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Old 06-27-2017, 01:02 AM   #1
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Scavenged dead root stumps, potential decor?

So this will be my first official thread here other than my introduction post. Thank in advance for any pointers/advice.

Currently I am keeping a 20 gallon planted freshwater community tank, and of course have plenty of future planted tank projects stewing in my mind ... and since the naturalistic route is really my preference I am always on the lookout for good pieces of wood.

Next to the parking lot of the animal hospital I work at there has been some dead stumps sticking out of the rocks for years now, and until today they were nothing but a constant tripping hazard next to where I park. These were a type of sage bush called "Texas Ranger" that were cut down to stumps years ago and allowed to die. Today as I tripped on one and realized how loose it was, it dawned on me to pull this thing out of the ground. It came out by hand easy enough, and what I unearthed was a piece that would be exceptional as tank decor. So I went to the next stump, and pulled that out as well, pulling out another awesome piece.

My question for the more knowledgeable would of course be is this type of sage wood even safe to clean, sterilize, and use in a tank? I wanted to ask this before I get started on the task of soaking and boiling these pieces, and possibly wasting my time and effort.

Again thanks in advance as any input is appreciated!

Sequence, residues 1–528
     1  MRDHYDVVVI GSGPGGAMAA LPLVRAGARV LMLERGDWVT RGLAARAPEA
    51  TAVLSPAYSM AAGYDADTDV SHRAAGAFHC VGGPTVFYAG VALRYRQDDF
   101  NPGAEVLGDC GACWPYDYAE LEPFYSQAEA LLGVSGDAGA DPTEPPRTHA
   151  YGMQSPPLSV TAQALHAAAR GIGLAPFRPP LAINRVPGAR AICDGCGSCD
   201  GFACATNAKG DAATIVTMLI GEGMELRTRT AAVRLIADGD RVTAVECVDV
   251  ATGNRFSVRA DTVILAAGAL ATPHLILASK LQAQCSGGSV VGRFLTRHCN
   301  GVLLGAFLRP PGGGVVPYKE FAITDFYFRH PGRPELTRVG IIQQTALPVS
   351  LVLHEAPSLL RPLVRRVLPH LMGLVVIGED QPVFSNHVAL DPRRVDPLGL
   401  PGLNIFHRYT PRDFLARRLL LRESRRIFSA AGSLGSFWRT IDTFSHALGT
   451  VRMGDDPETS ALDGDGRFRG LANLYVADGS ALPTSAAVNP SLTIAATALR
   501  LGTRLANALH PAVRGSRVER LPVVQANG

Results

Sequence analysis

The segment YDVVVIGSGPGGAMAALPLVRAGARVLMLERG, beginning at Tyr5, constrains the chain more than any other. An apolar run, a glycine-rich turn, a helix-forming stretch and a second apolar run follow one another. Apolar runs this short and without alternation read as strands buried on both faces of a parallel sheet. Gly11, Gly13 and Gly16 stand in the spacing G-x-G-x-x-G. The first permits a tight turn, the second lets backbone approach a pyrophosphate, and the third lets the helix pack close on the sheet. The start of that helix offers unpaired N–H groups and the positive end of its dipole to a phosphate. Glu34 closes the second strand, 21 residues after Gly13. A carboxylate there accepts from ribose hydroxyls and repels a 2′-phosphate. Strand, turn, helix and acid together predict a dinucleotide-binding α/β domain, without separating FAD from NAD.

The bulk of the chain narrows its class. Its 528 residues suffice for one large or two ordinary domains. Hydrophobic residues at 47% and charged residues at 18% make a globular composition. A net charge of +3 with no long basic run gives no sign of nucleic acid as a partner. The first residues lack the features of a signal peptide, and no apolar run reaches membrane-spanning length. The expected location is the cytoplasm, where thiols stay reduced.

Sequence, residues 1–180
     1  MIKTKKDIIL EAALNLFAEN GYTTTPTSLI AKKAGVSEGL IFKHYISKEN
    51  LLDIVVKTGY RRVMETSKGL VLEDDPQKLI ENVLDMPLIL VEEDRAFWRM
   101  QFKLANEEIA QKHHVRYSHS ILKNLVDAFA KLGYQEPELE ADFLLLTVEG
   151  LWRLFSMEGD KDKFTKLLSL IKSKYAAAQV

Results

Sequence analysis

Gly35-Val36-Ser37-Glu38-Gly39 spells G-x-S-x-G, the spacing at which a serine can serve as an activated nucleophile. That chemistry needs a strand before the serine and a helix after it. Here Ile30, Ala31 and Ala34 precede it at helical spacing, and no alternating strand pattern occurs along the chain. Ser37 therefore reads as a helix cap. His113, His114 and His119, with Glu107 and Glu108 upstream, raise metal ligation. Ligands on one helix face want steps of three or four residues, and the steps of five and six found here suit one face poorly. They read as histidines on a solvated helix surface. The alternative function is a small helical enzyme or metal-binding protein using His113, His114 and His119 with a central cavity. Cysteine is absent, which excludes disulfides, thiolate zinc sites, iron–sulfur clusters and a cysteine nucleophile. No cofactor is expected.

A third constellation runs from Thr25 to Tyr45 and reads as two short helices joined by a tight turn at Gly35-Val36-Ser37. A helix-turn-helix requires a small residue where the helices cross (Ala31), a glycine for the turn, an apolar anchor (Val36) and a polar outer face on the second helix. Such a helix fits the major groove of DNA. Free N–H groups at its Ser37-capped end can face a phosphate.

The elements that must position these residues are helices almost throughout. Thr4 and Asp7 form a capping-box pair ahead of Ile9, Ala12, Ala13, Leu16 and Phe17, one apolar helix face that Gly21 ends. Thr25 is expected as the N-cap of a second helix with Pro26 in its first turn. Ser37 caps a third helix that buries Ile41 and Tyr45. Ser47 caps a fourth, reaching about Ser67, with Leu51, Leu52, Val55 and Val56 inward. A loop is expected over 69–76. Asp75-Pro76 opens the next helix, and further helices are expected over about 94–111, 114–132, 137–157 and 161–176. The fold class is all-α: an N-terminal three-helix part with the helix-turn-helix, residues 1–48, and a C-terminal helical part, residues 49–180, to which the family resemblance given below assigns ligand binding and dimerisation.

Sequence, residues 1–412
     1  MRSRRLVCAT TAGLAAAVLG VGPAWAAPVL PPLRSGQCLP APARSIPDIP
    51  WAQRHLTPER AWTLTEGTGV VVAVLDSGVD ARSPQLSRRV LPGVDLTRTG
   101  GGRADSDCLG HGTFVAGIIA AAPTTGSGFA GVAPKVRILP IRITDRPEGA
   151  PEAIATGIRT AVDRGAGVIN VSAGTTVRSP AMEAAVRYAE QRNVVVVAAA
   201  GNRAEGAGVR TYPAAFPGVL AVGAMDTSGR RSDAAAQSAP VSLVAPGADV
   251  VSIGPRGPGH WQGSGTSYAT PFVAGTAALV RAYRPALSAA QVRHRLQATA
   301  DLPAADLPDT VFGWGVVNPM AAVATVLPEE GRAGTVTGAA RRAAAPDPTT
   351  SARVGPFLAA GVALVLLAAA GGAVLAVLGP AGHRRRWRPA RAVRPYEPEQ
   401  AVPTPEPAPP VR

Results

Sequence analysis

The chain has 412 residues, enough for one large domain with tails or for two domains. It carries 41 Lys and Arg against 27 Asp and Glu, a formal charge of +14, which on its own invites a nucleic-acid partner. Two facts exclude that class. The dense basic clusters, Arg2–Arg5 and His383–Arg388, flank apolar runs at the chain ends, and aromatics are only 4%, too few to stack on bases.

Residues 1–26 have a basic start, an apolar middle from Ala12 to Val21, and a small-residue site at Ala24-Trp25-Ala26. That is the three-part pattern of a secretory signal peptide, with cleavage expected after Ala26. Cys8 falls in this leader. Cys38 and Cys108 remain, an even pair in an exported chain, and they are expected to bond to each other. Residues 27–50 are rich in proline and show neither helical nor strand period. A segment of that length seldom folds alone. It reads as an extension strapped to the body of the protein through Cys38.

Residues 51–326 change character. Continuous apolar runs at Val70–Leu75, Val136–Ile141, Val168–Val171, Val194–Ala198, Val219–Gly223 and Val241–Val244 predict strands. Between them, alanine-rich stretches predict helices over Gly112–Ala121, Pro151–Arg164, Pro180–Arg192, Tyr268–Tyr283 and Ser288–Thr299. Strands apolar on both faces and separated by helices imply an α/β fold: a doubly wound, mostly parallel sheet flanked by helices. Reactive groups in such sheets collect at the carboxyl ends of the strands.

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Old 06-27-2017, 05:47 AM   #2
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Should be fine as long as it's a "hardwood" soft woods tend to just rot and fall apart. You'll have to strip all the bark off aswell.

Nice pieces, I'd use them
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Old 06-27-2017, 11:10 AM   #3
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Originally Posted by P8ntedPhish View Post
So this will be my first official thread here other than my introduction post. Thank in advance for any pointers/advice.

Currently I am keeping a 20 gallon planted freshwater community tank, and of course have plenty of future planted tank projects stewing in my mind ... and since the naturalistic route is really my preference I am always on the lookout for good pieces of wood.

Next to the parking lot of the animal hospital I work at there has been some dead stumps sticking out of the rocks for years now, and until today they were nothing but a constant tripping hazard next to where I park. These were a type of sage bush called "Texas Ranger" that were cut down to stumps years ago and allowed to die. Today as I tripped on one and realized how loose it was, it dawned on me to pull this thing out of the ground. It came out by hand easy enough, and what I unearthed was a piece that would be exceptional as tank decor. So I went to the next stump, and pulled that out as well, pulling out another awesome piece.

My question for the more knowledgeable would of course be is this type of sage wood even safe to clean, sterilize, and use in a tank? I wanted to ask this before I get started on the task of soaking and boiling these pieces, and possibly wasting my time and effort.

Again thanks in advance as any input is appreciated!
Hello P8...

Using natural wood pieces is fine and will look good at first, but come with some problems. These pieces need to be dry and weighed down with rocks or something similar. Keep the wood pieces out in the sun for a few days to dry them and kill anything that might be living there.